Future Trends Theatre in the Future Zone
The IABM Future Trends Theatre in the Future Zone hosted a packed programme of presentations that explore up-and-coming technology and business trends and how they will segue from today's environment.
The IABM Future Trends Theatre is designed to give attendees an understanding of how new technologies can enable business plans now, rather than being dismissed as way-out ideas and possible hype waiting to find practical use cases.
With Augmented Reality Audio (AR Audio), we are beginning to tap into the potential to adjust the mix of your daily listening experience: reduce ambient noise, amplify and focus speech, adjust EQ to match your unique hearing profile, and interactively layer music with your voice assistant. This session presents an exciting view into how AR Audio and Artificial Intelligence will drive adaptive and precise noise cancellation, enable enhanced speech intelligibility, power look-forward capability to smooth variations in volume, allow focus on specific sound sources, and attach sounds to virtual objects.
VR video technology through stereoscopic 180° and 360° cameras presents new challenges for video editors, visual effects artists and colourists. Ross Shain, visual effects award-winner and software industry veteran, discusses the best techniques and strategies for solving VR post-production hurdles such as working with equirectangular footage, stabilization, removing cameras and working in stereo.
Broadcasters and content owners are striving to make programs more immersive and engaging. Advances in immersive technologies like AI and VR deliver powerful tools to grow viewership, giving viewers exciting and unique ways to enjoy content. This session explores how organizations can harness immersive technologies to captivate and retain viewers - from 3D graphics in the studio to delivering the stadium experience at home. It examines the use of AR and VR as storytelling tools, the technical challenges involved and how these will be overcome in the future, enabling media organizations to produce high-quality VR experiences for different applications.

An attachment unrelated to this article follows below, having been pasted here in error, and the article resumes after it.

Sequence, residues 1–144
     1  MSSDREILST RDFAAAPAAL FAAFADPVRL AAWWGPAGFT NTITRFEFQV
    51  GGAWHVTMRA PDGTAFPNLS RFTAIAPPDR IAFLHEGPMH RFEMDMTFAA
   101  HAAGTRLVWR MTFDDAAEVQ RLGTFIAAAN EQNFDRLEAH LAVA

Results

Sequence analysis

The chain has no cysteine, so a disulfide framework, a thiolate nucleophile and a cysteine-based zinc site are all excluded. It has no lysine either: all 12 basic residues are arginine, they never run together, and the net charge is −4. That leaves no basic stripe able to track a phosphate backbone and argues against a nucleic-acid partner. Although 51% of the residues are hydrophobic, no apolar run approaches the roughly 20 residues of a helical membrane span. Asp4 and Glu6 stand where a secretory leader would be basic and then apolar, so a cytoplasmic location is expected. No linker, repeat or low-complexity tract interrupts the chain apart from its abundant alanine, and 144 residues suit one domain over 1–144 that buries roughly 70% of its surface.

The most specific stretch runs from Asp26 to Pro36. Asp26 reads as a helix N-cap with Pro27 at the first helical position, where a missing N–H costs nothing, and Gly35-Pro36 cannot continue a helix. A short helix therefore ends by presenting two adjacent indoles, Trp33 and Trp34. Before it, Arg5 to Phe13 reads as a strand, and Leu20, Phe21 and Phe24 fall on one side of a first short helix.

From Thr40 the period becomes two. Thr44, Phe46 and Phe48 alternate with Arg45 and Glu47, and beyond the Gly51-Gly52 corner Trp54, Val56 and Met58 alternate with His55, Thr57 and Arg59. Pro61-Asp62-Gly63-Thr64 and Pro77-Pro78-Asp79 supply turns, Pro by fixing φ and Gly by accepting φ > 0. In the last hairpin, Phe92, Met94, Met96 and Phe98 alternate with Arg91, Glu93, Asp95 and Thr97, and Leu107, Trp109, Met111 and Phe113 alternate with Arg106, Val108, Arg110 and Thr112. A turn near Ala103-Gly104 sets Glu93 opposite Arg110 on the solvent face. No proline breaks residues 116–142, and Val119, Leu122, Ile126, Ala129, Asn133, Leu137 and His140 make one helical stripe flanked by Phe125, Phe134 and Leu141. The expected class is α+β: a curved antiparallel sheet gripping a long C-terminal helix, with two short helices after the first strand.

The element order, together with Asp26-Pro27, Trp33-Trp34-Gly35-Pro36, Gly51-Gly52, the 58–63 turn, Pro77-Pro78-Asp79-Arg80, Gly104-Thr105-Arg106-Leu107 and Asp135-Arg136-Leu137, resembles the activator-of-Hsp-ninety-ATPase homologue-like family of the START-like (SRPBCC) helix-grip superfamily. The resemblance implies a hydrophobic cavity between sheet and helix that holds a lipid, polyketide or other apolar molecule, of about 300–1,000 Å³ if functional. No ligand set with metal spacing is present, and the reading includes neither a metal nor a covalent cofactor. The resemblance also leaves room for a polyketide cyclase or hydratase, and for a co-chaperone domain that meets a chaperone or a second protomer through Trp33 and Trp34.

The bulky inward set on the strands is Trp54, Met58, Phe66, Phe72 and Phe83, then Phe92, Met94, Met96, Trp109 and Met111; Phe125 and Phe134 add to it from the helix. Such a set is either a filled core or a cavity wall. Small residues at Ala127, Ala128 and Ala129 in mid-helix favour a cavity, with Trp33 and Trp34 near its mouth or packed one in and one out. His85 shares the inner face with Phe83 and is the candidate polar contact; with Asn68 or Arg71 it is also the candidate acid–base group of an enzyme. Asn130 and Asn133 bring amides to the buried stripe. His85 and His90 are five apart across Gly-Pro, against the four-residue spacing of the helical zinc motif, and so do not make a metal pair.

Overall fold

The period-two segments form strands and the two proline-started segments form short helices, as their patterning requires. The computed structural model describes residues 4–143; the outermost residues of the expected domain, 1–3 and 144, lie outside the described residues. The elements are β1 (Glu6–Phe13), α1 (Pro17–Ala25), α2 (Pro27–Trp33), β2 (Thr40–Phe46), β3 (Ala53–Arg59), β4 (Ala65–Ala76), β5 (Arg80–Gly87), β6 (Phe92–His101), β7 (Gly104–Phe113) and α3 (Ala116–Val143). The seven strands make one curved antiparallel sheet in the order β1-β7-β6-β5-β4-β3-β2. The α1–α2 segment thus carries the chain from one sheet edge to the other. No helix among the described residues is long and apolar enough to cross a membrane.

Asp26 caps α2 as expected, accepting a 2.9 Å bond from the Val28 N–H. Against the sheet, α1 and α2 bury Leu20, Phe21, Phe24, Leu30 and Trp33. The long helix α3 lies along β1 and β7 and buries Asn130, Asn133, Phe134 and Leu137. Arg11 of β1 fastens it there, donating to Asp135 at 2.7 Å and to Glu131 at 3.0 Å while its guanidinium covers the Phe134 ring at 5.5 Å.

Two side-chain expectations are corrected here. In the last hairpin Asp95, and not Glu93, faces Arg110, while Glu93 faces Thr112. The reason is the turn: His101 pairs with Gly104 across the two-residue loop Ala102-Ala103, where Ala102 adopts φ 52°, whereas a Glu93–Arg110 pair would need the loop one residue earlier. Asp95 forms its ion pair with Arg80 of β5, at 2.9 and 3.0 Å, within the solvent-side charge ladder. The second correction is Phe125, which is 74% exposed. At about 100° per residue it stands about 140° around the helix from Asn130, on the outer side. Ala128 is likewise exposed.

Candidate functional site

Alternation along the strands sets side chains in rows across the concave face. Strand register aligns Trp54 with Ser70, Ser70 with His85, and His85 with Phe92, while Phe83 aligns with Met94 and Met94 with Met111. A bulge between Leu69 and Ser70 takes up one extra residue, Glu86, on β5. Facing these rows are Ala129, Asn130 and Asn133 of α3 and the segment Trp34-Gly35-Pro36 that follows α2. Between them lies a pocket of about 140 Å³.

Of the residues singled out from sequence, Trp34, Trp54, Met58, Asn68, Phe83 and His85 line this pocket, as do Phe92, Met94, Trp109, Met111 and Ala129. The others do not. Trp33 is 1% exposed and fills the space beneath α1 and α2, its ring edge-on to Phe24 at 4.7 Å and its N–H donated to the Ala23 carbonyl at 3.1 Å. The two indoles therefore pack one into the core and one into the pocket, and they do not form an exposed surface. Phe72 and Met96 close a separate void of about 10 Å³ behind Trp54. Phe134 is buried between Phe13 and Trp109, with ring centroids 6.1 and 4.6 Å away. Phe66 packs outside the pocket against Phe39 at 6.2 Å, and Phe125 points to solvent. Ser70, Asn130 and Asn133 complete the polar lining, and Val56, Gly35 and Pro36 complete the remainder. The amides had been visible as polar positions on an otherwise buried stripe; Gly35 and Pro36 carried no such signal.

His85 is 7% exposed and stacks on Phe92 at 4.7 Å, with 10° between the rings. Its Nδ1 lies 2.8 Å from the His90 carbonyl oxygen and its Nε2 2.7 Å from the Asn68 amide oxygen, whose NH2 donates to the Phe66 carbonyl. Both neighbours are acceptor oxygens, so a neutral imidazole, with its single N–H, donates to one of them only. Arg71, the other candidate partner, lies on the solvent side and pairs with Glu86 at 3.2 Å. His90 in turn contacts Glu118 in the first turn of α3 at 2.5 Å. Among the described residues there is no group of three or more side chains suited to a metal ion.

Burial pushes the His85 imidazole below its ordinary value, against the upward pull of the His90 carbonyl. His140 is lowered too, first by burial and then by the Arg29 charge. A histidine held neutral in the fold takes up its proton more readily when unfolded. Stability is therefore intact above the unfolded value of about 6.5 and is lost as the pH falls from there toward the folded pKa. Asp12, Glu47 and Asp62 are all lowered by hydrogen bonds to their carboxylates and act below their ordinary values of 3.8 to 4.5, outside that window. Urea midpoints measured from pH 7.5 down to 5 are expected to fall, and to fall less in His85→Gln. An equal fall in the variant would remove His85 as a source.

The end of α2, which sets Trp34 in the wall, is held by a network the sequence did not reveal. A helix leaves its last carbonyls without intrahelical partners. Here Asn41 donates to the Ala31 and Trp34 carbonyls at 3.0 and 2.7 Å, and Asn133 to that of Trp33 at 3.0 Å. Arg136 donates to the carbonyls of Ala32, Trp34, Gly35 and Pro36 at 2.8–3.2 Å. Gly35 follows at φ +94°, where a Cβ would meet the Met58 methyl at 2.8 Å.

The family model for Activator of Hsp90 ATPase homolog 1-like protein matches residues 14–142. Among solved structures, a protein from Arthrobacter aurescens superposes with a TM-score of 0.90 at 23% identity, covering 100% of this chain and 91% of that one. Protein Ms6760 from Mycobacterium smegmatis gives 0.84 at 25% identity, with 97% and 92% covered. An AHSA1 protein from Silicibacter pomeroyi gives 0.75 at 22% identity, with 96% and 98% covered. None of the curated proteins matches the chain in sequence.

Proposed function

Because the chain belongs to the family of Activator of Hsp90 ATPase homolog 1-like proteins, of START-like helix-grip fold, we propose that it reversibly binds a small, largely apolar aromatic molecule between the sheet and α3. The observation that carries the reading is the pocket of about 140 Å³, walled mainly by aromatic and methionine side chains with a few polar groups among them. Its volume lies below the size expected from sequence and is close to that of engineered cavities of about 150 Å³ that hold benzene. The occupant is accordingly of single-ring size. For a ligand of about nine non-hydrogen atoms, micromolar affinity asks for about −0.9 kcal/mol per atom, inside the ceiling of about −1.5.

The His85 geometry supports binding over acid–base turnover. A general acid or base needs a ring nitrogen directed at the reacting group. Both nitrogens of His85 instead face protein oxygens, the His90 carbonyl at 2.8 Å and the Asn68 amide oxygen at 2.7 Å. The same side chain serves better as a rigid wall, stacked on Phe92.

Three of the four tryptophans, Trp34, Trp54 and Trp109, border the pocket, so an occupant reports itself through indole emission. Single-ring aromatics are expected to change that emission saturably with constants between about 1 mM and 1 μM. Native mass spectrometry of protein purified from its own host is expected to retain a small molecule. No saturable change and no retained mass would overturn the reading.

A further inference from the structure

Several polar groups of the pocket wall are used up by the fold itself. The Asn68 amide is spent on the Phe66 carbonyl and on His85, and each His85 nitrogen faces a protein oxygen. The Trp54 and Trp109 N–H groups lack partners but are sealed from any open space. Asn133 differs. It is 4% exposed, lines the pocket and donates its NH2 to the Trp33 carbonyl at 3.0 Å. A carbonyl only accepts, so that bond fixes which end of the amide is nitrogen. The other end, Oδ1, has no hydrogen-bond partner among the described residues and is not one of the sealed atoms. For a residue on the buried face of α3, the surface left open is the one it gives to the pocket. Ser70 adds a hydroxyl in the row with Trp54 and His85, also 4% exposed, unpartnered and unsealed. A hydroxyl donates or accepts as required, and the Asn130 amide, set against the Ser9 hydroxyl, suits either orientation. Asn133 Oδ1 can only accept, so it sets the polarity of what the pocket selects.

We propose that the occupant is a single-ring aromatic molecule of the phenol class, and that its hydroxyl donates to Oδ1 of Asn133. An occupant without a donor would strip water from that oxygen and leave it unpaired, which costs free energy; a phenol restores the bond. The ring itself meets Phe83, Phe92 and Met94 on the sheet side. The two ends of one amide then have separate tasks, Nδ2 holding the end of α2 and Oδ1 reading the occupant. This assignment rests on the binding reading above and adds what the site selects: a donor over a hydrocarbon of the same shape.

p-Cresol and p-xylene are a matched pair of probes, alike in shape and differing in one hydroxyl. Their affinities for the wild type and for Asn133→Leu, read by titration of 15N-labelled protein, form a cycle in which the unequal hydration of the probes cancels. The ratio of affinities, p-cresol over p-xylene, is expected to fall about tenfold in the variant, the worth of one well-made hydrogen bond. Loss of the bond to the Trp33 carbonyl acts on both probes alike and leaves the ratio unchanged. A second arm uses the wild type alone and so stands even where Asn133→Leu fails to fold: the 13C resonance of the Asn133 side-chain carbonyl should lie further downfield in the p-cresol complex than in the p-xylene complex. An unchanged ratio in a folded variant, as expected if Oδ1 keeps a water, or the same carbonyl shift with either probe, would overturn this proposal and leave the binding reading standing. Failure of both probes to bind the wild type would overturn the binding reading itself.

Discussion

This presentation will: discuss the software-only approach in comparison to other methods; describe an initial set of open-source microservices for common colourspace transformations, sizing, mixing and compositing; and provide initial measurements of the performance that can be achieved with this approach.
Now that OTT is disrupting television some startups are pushing the limits, by replacing the entire video delivery chain -- from rights management, to production, distribution, and monetization -- and creating their own ecosystems. It may be another twenty years before mass adoption, but if your app or service can be reduced to a protocol, watch out for the video blockchain competition!
Independent media technology consultant and non-executive director of Blue Lucy, Tracie will explore how using a rights management system which stores key metadata in the blockchain will provide the ability to track the rights and usage of any asset from origination to consumption.
Microservices are a software architecture style from which a complex set of applications are broken down into several independent and loosely coupled processes each often specializing in a single task. Independent processes communicate with each other using language-agnostic APIs. This new way of conceiving software applications is part of a deeper logic of outsourcing (and progressive dematerialization) of information systems.
Microservices have taken other industries by storm, and they are beginning to do so in the media business. To fully leverage the benefits of microservices, we need standardization, and organizations like SMPTE and EBU are taking up the mantle, and this exciting area is getting ready to take off.
ML and AI are emerging technologies that bring huge potential to broadcasters in areas of the workflow that are labour and time sensitive. This will ultimately help newsrooms focus resources on creating more compelling content by automating the creation of richer metadata.
Video libraries are growing at an unprecedented rate and becoming unmanageable. This session explores how the integration of AI and media management can help content producers prepare for a content-heavy future, monetize libraries and reduce the complexities of managing video. Learn more about the future of automated content production, such as the possibility for an AI framework to identify the ten best scenes in a movie to use in creation of a new trailer.
Red Bee Media will discuss the key challenges they still face when deploying Automatic Speech Recognition to subtitle pre-recorded and live content, whilst Speechmatics will explain why these challenges remain for speech recognition systems and how they could be addressed in the future. We discuss 3 key challenges: uncommon vocabulary, punctuation and the use of specific dialects.
Whilst AI has been the buzzword of many recent tech talks, a gap still exists between the technology itself and most media workflows. Content owners and creatives alike can harness AIs full potential to work faster and create even better stories. This session explores how AI can lower costs, reduce publishing time, create a better experience for both editors and end-users, and even make your content more human.
This technical presentation from Carl Petch of Telstra Broadcast Services will look at some of the reasons why broadcast providers are moving to virtualization, and what the benefits are of applying virtualization to broadcast workflows. Carl will provide some lessons from architecting media Virtual Network Functions.